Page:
This is a cute, and fun book. I am currently making an Ada Lovelace egg cosy for my niece, as she is reading about her at the moment! Easy and clear layouts, notes on the historical inspiration behind each project, and lots of tongue in cheek - what's not to love?!
This is a fun book..
With glue, felt and thread the designs aim to empower women through craft and while this book is called 'Feminist' Felties many of the projects make you smile and are very quirky.
21 projects, Pot covers, Pincushions and Key chains, all give a nod to the women's movement, and the pages are littered with quotes from various American feminists and movement trailblazers.
It is an interesting read as well as being a craft book, I loved the Badass Women badge and Rosie the Riveter coin purse is lovely.
Each design and project have templates to trace or photocopy, and there are recommendations for materials. There is also a stitch guide and the pages about working with felt and how to care for it is very helpful.
This book will not appeal to everyone, but it is well presented and the projects are useful usable and do send quite a strong message.
I recently had the opportunity to review a new @searchpress book called 'Feminist Felties'. I utterly adore the premise of this book which is built upon the notion of feeling solidarity with others through making with your hands which is both calming and energizing. As Missy Covington, the book's fantastic author, says: "There was power in needle and thread". There is a wide range of projects and designs in the book ranging from the more traditional, suffragette symbols (such as the Fireband bracelet with symbols and colours inspired by the National Union of Women's Suffrage Societies) to some which are more tongue-in-cheek (such as the Uterus Christmas Tree Decoration)! After the introduction, Missy talks about the range of felts available, which tools are best for the projects, starting and finishing techniques and stitches to use. Then Missy presents 21 projects with each project accompanied by clear instructions, skill levels, required tools, stitches used and the patterns needed to create your own feminist felties! I can also see this book being fantastic for working with children and young people of all ages, sexes and genders by talking about the history of the feminist movement and the journey it has taken through creating with your hands!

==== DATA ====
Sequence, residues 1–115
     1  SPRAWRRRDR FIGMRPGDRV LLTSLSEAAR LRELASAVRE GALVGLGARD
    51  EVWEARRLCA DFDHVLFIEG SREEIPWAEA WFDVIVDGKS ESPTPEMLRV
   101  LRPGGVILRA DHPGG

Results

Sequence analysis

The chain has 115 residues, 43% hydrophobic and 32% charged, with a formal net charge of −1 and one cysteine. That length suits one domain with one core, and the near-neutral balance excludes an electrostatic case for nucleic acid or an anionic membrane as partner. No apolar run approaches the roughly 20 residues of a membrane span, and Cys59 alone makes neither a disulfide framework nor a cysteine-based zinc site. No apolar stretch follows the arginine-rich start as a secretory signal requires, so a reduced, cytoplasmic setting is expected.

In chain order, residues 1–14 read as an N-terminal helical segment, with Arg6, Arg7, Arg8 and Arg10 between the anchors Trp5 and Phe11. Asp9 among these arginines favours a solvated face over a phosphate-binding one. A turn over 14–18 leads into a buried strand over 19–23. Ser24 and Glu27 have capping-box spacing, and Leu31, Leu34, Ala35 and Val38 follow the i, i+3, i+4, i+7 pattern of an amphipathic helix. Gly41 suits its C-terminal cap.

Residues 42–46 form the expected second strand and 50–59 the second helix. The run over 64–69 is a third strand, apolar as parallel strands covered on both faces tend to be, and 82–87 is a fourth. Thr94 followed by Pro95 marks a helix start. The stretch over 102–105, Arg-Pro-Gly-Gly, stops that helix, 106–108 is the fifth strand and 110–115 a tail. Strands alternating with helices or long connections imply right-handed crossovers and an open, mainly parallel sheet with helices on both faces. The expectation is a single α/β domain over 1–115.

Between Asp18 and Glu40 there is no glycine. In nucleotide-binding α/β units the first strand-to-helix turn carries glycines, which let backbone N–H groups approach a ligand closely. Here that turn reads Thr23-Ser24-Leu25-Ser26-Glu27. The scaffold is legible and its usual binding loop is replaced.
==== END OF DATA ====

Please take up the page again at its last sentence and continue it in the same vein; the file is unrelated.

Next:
'Feminist Felties' by Missy Covington, is a riot of colour, with excellent, well-thought out photography. There are a huge range of ideas that can be brought to life using the techniques and inspiration from this book. Some of the pieces will be well recognised from real life news reports. There is a portion of the book at the start dedicated to the tools you may use, the different types of felt, and different stitches - always good for the beginner. There are over 20 different projects you can make and you can adapt each of these to make your own unique makes. There are so many different templates too, so apart from the tools, you have everything you could possibly need. My only concern is that the pattern pieces do need to be enlarged on the photocopier, which does put me off. However, I do love the 'Badass Women badge' and the 'Protest Coasters.' I also love 'The Smell of Revolution' badge! I would recommend this book to all who like working with felt, or those who want something a bit quirky. Enjoy!
This is a fabulous book for anyone who believes in the feminist propaganda and has a crafty side. Ive got several friends who I know will love the makes in this book! Christmas is sorted for this year.